The weekend warrior: Laura Allardyce on the old Prince of Wales train bridge

Laura Allardyce is a cultural observer with an overactive imagination that is always insisting the glass is half full. She has lived in Ottawa her whole life and says she will only leave once she has smelled all the roses.

Though LTOttawa does not condone her hooliganism, we certainly do condone her great storytelling. Thanks for your contribution, Laura!

It’s a certain kind of weekend warrior who clocks out at five and regresses into their adventurous youth.

It was to be an afternoon of playing snakes and ladders in the park with some friends. We rode our bikes to a spot behind the Canadian War Museum by the river for an end-of-summer lazy day in the sun. Somehow the talk turned to hooliganism (of the childish variety, not the rowdy soccer fan kind). In the near distance we could see the old Prince of Wales train bridge. Someone was walking across it. Was he suicidal?? That bridge doesn’t even have railings! There are just two waist high wires between you and a watery grave at the depths of the Ottawa River. And it was a windy day!

Now, maybe it was the snakes and ladders, maybe the heat of the day had popped the hooligan kernel that lay dormant in our adult minds planted by earlier talk of teenage badassery. Or maybe after a long week of working for the weekend, we were up for anything.

You know that old train bridge by the parkway? The tracks run under the road and the bike path parallel passes under it? That’s the Prince of Wales bridge, at least that’s what I assume the decrepit decaying sign above its entrance used to say. Now it says Ince of Wals. If you get off the bike path and walk up the hill, you can climb perilously around the chain link fence and walk across that bridge – which is exactly what we did.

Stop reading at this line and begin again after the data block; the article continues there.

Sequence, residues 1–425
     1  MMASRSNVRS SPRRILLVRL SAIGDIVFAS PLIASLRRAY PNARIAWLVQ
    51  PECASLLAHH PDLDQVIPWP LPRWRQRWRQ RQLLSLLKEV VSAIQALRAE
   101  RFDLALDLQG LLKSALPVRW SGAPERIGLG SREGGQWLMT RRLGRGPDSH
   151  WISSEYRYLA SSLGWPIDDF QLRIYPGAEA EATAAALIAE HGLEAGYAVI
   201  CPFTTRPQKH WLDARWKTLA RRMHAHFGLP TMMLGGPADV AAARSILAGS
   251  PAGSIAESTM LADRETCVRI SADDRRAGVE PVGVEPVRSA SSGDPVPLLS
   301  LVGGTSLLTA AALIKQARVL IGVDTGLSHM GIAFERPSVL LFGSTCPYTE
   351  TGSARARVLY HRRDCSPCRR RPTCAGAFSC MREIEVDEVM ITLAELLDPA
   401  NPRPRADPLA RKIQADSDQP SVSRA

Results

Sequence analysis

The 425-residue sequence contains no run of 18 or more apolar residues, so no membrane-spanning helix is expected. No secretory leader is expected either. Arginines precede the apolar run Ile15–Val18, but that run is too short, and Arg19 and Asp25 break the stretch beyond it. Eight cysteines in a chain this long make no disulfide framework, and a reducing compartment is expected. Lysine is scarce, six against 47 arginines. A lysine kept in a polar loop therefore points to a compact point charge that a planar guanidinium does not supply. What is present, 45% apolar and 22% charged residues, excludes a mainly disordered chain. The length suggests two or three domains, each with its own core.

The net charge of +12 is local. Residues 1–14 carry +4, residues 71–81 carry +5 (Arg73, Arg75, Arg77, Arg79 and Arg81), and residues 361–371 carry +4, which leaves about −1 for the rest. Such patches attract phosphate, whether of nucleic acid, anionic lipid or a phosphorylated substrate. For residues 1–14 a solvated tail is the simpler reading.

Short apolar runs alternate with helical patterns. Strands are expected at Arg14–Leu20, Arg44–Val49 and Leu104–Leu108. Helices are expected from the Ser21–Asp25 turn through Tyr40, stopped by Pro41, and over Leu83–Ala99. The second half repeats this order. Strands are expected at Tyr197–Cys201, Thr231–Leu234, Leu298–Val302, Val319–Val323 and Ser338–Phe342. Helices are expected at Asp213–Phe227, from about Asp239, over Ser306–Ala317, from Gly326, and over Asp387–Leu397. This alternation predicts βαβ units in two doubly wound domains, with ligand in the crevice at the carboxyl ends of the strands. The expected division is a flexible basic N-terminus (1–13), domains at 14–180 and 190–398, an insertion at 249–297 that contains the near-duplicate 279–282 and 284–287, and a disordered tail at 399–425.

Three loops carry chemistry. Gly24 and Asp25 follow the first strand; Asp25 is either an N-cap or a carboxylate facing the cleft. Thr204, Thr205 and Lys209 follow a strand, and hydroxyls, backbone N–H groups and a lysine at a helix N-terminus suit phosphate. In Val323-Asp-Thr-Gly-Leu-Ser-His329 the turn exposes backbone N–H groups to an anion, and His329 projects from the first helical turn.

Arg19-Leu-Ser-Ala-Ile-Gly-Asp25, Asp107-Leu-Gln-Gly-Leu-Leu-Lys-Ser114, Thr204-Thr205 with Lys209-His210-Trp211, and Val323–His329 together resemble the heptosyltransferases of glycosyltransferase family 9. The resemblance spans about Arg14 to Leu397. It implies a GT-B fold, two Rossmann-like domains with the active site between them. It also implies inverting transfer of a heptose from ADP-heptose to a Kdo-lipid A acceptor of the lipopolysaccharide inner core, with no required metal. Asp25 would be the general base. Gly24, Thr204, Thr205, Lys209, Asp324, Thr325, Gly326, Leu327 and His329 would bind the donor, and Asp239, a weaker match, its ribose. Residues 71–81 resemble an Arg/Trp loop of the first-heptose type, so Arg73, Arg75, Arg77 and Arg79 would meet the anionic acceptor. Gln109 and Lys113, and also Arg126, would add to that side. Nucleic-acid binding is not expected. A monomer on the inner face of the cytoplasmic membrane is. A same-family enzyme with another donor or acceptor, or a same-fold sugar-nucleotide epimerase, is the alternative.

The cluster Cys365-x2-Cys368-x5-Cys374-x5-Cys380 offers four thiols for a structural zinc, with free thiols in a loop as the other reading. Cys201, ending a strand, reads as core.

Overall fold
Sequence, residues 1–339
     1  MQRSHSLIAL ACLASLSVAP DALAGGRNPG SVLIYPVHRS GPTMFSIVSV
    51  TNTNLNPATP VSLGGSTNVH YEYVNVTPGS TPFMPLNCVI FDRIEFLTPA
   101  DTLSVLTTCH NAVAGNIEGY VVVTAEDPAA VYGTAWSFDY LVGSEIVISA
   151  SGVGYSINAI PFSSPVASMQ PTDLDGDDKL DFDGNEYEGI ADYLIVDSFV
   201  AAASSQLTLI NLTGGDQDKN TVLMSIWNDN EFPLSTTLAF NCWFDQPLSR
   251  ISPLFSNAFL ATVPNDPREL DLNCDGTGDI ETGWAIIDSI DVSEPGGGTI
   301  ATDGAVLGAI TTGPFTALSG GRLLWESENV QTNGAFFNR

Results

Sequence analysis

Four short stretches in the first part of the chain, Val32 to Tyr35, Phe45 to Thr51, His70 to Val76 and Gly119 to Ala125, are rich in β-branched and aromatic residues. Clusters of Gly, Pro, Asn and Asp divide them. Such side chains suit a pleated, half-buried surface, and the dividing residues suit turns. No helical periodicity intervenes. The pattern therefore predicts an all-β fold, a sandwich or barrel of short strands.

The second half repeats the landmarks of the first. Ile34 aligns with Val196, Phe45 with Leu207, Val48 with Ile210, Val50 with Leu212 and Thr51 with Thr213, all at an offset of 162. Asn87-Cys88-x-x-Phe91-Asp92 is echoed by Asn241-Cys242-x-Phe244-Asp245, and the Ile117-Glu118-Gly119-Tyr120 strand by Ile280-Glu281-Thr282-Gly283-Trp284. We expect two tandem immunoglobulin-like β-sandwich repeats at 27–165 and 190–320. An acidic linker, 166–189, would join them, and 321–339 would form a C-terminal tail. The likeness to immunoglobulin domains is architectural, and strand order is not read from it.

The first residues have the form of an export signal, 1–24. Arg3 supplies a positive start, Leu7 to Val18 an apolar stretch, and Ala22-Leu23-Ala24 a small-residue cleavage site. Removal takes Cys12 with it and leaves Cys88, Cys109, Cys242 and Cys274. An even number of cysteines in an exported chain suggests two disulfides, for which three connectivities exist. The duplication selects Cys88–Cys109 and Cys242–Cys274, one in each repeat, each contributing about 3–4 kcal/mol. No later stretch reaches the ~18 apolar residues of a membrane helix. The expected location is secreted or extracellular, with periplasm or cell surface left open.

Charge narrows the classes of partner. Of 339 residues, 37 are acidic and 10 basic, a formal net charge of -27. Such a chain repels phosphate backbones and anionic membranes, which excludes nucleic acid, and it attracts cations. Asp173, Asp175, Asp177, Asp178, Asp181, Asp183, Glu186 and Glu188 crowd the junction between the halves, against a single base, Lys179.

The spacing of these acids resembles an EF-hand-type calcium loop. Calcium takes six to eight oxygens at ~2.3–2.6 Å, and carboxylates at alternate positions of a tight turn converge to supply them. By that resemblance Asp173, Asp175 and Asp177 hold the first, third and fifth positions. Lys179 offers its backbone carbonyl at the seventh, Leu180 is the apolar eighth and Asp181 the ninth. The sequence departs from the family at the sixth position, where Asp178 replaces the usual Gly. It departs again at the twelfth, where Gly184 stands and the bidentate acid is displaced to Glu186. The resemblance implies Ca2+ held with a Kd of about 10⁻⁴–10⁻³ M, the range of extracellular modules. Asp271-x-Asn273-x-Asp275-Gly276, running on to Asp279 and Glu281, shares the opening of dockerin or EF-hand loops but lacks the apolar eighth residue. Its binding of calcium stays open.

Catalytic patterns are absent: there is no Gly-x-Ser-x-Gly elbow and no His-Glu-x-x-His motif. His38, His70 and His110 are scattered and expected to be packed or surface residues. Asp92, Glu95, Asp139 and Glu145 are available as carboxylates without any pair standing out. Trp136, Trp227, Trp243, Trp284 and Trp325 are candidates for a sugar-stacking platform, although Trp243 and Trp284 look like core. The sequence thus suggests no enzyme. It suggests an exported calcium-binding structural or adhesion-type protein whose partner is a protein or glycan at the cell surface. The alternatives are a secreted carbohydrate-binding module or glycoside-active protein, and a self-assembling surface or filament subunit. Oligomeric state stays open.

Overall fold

In an adolescent flashback-fueled impulse, we morphed into hooligans, breakin’ the rules and being bad. We were trespassing and didn’t care! Like that scene in Stand By Me, only a train never came. There is a sidewalk next to the tracks that is about four-feet wide and not nearly wide enough for a weak swimmer with a fear of heights. The bridge is covered with graffiti and oil spots making it ghetto and gross, but awesome and dangerous if you’re a 27-year-old with an over-active imagination. The view is spectacular, down river towards the rapids with a setting sun one way and the downtown shoreline the other. That’s right, a shoreline. Just call me Snookie.

Okay, so it turns out that a bunch of people use that bridge, not just the suicidal maniac we witnessed earlier. He’s fine, if you’re wondering.

The bridge crosses the river with a break in the middle at Lemieux Island. What mysteries awaited us on this seemingly abandoned island? Maneuvering through more chain link, past dead bonfires, through bushes we prayed weren’t poison ivy, we made up stories of debauchery and human tragedy, of spirited triumph and regret.

Finally emerging from the brush into the clearing we realized what was an adventure to us was a regular Sunday to everyone else who found themselves at the Lemieux Island dog park…

The moral of the story is this: there are hidden treasures all over this city.

Sometimes you find them by consulting the NCC, sometimes you just have to take a chance and embrace you inner hooligan. The dog park is safely accessible from River Street, off of the parkway. Also on the Island is the Ottawa water filtration facility, a nice man-made pond complete with ducks and frogs, perfect to eat salsa and chips by, and multiple lookout spots to stop at and watch the river flow into the sleepy city like dream soup.

If that’s how you choose to see it.